Jay Lake (jaylake) wrote,
Jay Lake

[cancer] Shelving my next trip to hell for a while

Good news yesterday, though, I didn't get the CT result until I was actually in with my surgical oncologist, which made for a tense and stressful morning. However, the actual radiology report was very encouraging. The relevant portion reads:
"Stable appearance of inferior right lobe hepatic wedge resection site with no residual/recurrent tumor along the margins of resection. Previously described subcentimeter right lobe hypodensity image 115 appears less conspicuous. No other potential new or enlarging hepatic lesion."

In plain English, that means the most recent liver resection shows no signs of a return of the cancer, and the lesion they found two months ago has reduced. That pretty much is conclusive that this isn't a cancerous tumor. Meanwhile, everything else is clean with no sign of additional metastasis.

In other words, hooray!

Our next step is a follow-up CT scan and bloodwork in mid-August. In the mean time, I will be having my chest port removed in the near future. Which is a stark statement on the part of me and my oncologists, as it will take years of good CT scans before I can be deemed cured. I'm not even in remission yet, technically.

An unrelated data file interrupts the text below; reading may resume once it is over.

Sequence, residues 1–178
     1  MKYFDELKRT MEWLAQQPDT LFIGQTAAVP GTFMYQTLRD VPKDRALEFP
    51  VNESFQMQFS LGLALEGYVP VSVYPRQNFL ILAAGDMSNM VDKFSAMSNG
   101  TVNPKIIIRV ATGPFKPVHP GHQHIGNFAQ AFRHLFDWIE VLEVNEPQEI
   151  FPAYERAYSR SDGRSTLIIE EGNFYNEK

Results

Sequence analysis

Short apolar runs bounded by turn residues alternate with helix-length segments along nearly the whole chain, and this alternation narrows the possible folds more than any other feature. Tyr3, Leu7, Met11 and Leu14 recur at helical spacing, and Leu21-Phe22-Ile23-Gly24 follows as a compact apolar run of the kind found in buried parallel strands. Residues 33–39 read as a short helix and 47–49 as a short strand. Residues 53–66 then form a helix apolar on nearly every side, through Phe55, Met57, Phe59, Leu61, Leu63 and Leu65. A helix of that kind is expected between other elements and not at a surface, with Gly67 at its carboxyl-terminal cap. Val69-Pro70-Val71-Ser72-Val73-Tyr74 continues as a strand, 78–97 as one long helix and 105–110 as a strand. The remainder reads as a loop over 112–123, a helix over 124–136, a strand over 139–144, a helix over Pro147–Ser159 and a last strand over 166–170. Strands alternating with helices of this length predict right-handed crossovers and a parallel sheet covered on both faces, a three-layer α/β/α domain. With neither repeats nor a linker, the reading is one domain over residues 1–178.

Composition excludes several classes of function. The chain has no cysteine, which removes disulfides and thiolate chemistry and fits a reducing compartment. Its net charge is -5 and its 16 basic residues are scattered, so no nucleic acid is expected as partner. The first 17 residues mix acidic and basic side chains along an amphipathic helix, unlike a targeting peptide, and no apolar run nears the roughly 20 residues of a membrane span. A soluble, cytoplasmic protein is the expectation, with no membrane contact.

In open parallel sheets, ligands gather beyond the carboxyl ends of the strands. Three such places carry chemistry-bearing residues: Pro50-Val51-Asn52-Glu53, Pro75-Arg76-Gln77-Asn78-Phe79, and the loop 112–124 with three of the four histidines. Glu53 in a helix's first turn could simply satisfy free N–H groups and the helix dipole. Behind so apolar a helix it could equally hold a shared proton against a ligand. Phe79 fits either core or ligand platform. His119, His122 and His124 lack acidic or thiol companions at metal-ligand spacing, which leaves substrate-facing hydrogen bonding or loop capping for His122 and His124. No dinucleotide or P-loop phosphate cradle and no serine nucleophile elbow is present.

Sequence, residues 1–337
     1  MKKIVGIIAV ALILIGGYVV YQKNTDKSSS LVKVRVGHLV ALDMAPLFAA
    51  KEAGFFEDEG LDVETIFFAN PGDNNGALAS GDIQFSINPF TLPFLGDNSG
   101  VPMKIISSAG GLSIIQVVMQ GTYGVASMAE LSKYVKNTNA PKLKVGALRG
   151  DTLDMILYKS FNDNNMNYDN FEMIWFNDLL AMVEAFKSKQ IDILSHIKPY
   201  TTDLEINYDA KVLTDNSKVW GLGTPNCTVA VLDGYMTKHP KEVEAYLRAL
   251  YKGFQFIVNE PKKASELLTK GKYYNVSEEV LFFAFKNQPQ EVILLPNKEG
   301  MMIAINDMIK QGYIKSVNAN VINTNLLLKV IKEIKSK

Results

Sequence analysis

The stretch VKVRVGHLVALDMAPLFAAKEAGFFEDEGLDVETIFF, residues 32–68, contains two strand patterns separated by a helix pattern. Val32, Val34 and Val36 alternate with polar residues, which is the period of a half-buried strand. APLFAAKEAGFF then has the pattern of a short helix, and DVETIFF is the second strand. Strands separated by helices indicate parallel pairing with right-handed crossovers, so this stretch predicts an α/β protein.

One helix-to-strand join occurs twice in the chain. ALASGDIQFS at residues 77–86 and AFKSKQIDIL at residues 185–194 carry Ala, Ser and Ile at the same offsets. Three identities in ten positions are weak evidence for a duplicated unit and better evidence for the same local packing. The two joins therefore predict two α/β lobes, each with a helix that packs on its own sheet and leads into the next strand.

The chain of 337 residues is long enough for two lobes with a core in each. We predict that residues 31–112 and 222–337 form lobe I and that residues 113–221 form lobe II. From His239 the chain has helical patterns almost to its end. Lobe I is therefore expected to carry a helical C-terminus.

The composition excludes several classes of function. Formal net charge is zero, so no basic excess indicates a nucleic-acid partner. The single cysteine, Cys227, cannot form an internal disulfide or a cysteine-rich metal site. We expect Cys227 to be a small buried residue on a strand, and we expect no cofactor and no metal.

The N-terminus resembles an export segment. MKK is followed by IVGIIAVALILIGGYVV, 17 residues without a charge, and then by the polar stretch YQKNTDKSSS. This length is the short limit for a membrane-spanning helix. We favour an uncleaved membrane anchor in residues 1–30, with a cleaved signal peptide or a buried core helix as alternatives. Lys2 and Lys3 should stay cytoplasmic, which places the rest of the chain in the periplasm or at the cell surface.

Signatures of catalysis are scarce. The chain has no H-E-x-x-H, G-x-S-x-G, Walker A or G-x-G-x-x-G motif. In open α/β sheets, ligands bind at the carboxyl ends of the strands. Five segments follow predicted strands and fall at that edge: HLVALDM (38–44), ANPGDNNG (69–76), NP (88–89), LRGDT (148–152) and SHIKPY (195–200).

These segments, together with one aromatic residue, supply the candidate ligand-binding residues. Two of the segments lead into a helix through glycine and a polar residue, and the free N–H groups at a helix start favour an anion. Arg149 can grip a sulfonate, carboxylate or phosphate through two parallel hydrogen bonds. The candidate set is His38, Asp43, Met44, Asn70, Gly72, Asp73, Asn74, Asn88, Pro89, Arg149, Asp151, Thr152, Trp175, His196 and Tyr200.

Spent a lot of time yesterday thinking about the trap of hope. The past few years have really burned the optimism out of me. They've also pretty much cauterized the gaping wounds left behind. Hope is almost toxic to me now, because the price of the let-downs has been so profound. Far better to expect the worst and be pleasantly surprised when it doesn't come to pass than to live in hope and be shot down over and over.

On the other hand, I can now walk around for the next four months being a more-or-less free man. I know my pattern, I'll start to weird out about this a week or two before the next scan date. But without the presence of an existing lesion (as with going into this scan just past), it won't be so brutal or emotionally overwhelming.

So for now, my next trip to hell is on the shelf. Instead of measuring my life out in coffee spoons, I measure it out in CT scans. There's a child to raise and people to love and books to write.

Go live, you guys. It's what I'll be doing.

Tags: cancer, child, health, personal

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